Why did the Pecos, still relatively unsubjugated, still two thousand strong, stand by and watch? Given the irreverence of Governor Eulate, it is unlikely that Father Ortega relied on a large, heavily armed military escort to cow the pueblo. Obviously the Pecos were not agreed on resistance. A majority of them passively suffered themselves to watch their idols destroyed. Only a few ceremonial leaders objected. As a community, the Pecos were unable to act decisively, either to reject or to embrace the new order. Deep-seated internal dissension, unrelated to the Spaniards' presence, may have underlain this paralysis. Perhaps, too, the Pecos remembered their humiliation thirty years before at the hands of Castaño de Sosa, or Oñate's harsh punishment of the Ácoma survivors. Whatever the reason, once they had admitted the utility of the invaders' material culture, of horses and steel blades, the token acceptance of their supernatural baggage was not so hard. Yet in their hearts—as missionary after missionary lamented—the pagan Pecos changed little.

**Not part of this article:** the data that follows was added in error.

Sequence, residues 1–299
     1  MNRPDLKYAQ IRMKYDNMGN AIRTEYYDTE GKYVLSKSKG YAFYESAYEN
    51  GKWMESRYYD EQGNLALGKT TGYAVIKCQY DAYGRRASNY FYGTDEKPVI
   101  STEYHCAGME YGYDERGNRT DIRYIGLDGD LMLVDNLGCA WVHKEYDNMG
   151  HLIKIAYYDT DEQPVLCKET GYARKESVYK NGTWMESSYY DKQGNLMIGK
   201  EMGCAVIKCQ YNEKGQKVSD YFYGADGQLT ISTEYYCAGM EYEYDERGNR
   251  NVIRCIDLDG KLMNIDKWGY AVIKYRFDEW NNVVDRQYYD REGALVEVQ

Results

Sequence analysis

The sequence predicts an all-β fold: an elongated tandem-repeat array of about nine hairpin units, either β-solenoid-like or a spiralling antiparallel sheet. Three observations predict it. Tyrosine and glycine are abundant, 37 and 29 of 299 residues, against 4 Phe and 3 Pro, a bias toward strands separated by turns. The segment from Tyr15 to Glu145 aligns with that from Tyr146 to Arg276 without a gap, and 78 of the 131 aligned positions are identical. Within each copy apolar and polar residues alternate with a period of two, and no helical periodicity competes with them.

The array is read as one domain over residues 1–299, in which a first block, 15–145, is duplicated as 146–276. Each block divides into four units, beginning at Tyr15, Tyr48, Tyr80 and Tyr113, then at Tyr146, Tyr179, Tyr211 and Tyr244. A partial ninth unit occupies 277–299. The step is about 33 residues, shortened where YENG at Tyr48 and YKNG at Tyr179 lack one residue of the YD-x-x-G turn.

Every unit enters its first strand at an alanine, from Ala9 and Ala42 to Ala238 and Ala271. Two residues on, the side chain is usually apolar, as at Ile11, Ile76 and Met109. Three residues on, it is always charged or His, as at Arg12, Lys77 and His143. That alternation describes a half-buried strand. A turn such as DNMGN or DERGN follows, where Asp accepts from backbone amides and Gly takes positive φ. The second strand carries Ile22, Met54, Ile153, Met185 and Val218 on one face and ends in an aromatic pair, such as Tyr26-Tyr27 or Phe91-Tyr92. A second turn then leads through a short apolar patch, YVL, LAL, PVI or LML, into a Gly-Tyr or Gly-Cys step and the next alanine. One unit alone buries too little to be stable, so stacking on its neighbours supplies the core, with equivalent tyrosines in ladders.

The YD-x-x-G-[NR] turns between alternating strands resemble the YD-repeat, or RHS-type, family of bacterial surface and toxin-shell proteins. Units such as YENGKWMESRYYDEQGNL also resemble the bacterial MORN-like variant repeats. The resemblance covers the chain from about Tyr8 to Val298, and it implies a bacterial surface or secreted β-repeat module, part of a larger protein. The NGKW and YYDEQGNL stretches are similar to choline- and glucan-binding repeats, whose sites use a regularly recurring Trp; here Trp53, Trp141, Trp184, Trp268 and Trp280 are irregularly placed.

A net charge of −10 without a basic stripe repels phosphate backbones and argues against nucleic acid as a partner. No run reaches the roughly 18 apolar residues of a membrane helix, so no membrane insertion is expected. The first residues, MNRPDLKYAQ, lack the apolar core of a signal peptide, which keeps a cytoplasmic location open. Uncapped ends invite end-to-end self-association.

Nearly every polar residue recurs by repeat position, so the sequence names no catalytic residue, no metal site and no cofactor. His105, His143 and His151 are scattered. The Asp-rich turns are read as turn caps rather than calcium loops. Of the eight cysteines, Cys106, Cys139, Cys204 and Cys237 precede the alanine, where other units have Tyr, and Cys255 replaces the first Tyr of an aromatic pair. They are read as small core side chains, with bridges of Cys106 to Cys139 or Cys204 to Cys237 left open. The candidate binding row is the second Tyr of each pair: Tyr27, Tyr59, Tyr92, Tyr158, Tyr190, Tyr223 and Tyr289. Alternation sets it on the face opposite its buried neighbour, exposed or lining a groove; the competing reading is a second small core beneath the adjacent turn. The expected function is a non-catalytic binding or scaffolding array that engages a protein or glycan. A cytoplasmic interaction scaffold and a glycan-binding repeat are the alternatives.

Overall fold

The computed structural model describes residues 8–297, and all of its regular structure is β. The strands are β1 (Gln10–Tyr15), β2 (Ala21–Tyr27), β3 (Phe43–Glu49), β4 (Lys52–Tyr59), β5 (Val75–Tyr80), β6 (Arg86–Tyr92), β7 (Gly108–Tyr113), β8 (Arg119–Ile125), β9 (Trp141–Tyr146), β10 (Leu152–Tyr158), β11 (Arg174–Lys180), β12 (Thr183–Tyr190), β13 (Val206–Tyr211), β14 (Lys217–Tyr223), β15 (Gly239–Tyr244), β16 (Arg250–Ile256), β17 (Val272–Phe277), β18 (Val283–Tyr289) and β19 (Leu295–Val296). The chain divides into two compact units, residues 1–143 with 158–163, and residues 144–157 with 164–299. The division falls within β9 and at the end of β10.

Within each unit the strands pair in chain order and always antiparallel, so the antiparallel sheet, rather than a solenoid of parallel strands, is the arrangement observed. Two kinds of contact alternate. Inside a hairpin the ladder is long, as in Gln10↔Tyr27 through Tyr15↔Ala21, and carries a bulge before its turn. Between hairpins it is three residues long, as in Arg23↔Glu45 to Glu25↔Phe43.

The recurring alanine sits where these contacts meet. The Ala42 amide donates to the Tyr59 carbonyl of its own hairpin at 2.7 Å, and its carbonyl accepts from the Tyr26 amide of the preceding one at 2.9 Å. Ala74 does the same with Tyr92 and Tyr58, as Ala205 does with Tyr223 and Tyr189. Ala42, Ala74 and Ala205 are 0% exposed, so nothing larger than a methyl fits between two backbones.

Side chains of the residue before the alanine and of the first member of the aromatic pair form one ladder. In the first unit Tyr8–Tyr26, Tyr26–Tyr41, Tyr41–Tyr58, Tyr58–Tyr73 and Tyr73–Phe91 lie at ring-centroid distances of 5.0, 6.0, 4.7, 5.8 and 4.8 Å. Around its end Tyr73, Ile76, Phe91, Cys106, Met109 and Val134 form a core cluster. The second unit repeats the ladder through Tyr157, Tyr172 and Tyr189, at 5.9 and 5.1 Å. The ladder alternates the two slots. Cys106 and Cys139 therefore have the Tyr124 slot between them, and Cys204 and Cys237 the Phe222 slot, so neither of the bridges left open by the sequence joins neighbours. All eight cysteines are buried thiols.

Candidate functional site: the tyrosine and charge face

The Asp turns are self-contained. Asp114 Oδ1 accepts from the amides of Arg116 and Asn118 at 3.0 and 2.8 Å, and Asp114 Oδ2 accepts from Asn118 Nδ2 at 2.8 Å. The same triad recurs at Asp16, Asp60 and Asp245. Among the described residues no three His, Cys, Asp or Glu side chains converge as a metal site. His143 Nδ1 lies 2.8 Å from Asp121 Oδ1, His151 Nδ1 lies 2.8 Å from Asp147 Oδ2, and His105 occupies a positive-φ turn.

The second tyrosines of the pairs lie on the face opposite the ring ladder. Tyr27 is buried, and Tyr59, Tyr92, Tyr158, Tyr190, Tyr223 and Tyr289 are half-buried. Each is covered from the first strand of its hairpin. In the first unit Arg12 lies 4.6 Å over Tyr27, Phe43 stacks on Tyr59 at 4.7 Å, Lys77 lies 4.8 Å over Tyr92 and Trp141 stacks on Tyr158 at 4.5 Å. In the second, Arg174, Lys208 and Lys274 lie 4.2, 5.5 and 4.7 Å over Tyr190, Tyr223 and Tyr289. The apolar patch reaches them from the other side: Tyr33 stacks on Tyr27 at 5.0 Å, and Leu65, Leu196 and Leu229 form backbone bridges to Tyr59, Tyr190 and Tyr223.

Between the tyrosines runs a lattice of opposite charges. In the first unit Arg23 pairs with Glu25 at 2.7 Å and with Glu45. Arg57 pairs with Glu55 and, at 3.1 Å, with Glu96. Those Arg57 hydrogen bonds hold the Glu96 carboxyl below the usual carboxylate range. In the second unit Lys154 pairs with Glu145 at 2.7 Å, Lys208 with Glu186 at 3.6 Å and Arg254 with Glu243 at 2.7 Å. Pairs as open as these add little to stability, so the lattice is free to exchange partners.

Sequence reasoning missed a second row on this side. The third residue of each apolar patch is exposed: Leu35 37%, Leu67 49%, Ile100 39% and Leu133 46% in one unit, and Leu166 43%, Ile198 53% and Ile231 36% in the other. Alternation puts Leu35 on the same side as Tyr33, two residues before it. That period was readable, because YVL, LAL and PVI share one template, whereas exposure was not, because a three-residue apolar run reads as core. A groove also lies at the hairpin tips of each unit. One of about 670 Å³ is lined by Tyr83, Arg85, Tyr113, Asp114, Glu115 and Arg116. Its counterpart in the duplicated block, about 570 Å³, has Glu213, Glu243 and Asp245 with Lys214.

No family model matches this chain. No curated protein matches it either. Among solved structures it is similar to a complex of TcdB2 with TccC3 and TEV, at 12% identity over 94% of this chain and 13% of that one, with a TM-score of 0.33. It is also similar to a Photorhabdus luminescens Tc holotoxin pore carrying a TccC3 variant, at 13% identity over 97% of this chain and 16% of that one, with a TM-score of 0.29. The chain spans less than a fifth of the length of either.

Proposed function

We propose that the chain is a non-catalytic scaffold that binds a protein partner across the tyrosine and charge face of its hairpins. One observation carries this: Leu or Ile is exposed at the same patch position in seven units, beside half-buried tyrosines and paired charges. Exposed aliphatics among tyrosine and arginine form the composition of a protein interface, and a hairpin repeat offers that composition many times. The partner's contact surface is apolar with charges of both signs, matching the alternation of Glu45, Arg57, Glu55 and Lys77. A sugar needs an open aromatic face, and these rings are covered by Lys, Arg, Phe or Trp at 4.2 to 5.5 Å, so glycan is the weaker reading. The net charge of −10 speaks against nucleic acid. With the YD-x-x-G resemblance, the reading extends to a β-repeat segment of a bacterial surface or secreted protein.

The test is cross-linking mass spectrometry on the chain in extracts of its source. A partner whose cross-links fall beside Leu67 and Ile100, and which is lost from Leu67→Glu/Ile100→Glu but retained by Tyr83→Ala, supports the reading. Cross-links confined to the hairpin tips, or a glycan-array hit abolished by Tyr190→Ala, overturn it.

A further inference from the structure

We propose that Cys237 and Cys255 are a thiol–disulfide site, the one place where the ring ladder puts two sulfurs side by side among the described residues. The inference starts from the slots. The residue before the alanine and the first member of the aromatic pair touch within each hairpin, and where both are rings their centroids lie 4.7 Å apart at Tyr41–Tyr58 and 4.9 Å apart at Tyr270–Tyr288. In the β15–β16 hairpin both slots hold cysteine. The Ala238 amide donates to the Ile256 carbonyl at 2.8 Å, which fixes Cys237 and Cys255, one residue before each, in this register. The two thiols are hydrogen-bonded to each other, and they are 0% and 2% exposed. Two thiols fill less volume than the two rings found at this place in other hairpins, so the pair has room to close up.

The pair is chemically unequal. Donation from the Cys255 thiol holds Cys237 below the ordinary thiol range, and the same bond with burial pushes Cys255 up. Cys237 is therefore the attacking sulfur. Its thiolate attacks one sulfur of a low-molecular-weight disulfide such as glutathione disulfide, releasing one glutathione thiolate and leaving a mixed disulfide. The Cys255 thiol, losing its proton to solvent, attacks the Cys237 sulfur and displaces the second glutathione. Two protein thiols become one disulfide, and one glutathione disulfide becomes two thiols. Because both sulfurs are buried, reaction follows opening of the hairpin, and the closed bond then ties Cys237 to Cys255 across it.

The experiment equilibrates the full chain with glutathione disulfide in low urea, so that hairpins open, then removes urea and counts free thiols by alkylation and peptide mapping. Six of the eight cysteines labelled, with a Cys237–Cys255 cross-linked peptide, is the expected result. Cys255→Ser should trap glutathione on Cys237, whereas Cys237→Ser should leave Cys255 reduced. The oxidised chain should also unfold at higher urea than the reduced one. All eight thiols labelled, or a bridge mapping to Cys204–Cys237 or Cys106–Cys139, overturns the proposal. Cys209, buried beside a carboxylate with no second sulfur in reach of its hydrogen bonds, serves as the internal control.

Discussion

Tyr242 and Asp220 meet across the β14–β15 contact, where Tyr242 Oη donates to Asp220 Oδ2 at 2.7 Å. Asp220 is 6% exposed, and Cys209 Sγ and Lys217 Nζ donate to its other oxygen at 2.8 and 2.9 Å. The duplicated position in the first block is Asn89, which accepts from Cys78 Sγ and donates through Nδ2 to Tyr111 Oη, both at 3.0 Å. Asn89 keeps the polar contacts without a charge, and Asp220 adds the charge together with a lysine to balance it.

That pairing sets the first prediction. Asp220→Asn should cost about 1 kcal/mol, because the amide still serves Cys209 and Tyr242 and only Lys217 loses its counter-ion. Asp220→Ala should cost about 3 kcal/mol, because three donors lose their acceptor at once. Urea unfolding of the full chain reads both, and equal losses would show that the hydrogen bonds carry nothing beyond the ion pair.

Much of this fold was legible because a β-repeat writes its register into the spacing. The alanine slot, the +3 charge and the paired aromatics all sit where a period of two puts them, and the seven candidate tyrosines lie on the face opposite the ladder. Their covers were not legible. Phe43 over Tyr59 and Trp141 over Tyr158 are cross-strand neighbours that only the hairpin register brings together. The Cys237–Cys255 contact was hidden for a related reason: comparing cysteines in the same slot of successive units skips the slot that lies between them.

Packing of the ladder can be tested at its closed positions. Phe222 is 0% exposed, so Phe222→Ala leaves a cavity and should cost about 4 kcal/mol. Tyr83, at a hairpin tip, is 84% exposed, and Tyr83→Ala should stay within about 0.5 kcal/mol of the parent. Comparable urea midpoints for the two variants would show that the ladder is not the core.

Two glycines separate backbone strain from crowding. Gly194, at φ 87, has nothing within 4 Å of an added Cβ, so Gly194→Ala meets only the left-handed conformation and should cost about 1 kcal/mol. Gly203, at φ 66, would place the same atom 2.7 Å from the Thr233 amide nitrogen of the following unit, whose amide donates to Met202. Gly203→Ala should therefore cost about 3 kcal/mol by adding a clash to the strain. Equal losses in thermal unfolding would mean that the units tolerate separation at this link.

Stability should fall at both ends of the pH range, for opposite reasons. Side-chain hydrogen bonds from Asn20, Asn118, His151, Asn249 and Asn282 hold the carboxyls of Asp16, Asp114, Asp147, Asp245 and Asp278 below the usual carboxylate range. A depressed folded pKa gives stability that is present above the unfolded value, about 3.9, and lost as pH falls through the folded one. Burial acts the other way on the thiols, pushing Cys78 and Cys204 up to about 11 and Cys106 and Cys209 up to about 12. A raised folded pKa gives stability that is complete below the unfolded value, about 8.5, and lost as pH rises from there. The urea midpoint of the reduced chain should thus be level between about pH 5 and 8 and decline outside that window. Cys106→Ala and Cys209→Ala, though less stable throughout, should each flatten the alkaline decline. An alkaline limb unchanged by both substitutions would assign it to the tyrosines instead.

stone idols
Pecos "idols," 11-1/4 to 8" tall. After Kidder, Artifacts.

Three hundred years later, archaeologists digging in the ruined pueblo unearthed ceremonial caches containing numerous artifacts that had been smashed or otherwise "subjected to violent misuse." One greenish stone image about a foot tall, representing a squatting human figure with elbows resting on knees, like many of the other broken objects, had been reverently reassembled and laid in a specially prepared hiding place. At Pecos, as in central Mexico, idols hid behind altars, or beneath the earth of the plaza, and the people knew. [13]